"As a philosopher, Sissela Bok grapples with hard truths – and with hard untruths, as well. Her writings explore the psychology of lying, the consequences of deception, and the perils of keeping secrets. With advanced degrees in both psychology and philosophy, she has taught ethics at Harvard’s Medical School, the Kennedy School of Government, and philosophy at Brandeis University. Her books include Lying: Moral Choice in Public and Private Life and A Strategy for Peace."
Moyers: Can a republic die of too many lies?
Sissela Bok: I think a republic definitely could—especially if the lies are also covered up by various methods of secrecy. If you combine lying and secrecy, and if you also bring in violence so that secrecy covers up for schemes of lying and violence, then I think a republic can die.
I don’t think it’s possible for citizens to have very much of an effect if they literally don’t know what’s going on.
A credibility trap is a condition in which the financial, political and informational functions of a society have been compromised by corruption and fraud. The leadership cannot effectively reform, or even honestly address, the problems of that system without impairing and implicating, at least incidentally, a broad swath of the power structure, including themselves.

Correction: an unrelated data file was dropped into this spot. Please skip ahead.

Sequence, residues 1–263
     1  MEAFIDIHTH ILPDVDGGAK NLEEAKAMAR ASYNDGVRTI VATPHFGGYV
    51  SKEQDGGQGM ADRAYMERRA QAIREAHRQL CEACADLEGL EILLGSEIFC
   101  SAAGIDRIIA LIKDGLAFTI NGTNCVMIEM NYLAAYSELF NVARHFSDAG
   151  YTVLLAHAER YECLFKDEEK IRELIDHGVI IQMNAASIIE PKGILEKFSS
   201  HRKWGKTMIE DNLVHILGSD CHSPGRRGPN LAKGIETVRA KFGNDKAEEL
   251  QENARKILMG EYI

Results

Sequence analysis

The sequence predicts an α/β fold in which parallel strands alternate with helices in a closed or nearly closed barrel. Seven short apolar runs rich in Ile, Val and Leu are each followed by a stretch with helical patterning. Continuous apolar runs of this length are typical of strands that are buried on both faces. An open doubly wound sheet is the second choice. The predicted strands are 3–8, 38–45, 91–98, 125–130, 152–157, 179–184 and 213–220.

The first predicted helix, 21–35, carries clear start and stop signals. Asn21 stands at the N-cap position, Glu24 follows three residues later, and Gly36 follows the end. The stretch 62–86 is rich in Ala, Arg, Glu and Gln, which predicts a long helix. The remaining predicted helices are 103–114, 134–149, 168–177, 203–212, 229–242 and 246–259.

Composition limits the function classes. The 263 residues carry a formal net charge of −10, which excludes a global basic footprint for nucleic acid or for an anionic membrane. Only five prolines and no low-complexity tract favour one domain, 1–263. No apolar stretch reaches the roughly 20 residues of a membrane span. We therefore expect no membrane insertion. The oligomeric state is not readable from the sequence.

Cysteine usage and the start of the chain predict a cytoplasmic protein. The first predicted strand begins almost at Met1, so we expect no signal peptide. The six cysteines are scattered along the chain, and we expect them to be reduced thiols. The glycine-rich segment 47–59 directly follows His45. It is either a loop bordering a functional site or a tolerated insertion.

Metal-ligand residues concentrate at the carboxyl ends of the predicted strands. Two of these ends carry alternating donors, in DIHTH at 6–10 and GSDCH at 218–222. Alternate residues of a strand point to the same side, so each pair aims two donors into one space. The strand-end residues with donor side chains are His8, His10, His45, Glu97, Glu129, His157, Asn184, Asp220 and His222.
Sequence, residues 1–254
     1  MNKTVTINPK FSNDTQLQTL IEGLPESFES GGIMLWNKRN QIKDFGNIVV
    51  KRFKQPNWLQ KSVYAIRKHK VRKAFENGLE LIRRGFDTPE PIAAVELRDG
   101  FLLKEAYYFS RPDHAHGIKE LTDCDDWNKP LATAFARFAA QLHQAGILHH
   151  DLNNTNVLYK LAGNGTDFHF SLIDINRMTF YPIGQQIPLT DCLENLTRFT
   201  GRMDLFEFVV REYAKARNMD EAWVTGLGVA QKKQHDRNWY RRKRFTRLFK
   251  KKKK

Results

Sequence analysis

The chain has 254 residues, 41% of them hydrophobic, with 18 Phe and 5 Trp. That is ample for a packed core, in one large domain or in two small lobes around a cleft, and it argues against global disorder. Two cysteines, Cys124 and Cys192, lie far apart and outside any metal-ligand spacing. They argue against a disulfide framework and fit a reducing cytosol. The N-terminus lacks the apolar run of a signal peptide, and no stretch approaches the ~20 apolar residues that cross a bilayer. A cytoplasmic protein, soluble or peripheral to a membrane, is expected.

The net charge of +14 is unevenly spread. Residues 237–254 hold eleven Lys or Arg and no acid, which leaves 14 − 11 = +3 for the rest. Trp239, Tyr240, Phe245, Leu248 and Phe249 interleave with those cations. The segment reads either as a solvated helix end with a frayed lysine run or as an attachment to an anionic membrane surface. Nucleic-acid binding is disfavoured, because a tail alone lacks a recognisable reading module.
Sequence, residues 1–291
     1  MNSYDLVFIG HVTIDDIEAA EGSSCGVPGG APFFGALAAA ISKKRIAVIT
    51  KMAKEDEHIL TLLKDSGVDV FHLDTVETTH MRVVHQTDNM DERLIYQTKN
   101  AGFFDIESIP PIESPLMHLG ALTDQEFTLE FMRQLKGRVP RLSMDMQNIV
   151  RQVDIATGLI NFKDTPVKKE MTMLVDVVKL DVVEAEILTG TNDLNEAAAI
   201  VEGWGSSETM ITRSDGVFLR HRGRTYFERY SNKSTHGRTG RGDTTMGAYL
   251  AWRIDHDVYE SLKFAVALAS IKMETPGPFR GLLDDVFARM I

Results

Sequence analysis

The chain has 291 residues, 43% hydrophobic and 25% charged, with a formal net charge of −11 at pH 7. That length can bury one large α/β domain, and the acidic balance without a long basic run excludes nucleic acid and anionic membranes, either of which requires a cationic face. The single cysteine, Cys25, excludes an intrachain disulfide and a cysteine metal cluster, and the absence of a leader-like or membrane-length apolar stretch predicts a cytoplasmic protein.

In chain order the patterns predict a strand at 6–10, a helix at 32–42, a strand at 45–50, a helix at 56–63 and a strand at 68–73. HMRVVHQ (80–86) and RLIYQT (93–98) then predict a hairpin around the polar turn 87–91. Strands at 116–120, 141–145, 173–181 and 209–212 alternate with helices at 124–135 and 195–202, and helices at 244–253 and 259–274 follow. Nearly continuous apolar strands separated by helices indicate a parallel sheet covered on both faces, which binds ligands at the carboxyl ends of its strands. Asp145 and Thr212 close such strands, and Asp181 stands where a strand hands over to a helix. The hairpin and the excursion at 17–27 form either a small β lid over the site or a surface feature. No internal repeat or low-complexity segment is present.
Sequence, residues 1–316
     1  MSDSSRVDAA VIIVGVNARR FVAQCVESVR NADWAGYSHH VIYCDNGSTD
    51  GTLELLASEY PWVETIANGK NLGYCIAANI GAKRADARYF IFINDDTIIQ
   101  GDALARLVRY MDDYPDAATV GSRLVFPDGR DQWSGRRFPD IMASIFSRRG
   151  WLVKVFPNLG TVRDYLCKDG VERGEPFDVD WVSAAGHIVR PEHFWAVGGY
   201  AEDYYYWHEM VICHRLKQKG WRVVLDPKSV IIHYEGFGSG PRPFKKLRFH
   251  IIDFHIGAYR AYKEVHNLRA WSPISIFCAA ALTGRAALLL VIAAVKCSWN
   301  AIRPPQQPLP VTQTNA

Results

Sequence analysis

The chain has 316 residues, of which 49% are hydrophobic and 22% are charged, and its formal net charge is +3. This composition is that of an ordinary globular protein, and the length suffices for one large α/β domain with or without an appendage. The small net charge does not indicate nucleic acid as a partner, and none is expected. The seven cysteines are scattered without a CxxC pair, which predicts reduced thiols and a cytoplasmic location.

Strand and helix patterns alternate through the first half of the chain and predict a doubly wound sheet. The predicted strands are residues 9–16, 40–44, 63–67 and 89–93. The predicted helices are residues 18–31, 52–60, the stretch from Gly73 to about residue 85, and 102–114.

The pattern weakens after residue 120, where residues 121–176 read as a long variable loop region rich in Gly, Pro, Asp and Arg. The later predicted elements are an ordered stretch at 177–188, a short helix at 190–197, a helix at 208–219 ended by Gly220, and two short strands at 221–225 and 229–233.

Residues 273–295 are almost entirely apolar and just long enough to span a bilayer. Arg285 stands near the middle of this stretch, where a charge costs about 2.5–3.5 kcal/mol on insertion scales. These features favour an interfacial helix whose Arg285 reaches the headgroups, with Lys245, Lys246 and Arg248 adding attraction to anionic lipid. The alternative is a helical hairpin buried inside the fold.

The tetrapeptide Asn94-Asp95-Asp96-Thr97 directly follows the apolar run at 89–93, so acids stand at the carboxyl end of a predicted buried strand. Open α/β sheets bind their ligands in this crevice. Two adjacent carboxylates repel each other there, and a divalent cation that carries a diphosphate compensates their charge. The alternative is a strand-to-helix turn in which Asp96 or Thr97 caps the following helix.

The influential status quo tolerates the corruption and the fraud because they have profited, at least indirectly from it, and would like to continue to do so. Even the impulse to reform within the power structure is susceptible to various forms of soft blackmail and coercion by the system that maintains and rewards them.
And so a failed policy and its support system become self-sustaining, long after it can be seen by objective observers to have failed. In its failure it is counterproductive, and an impediment to recovery in the real economy. Admitting failure is not an option for the thought leaders who receive their power from that system.
The continuity of the structural hierarchy must therefore be maintained at all costs, even to the point of becoming a painfully obvious, 'organized hypocrisy.'
JP Morgan and Madoff: Nesting Dolls of Fraud, Pam Martens
America's Gilded Capital: Losing Democracy to the Predator Class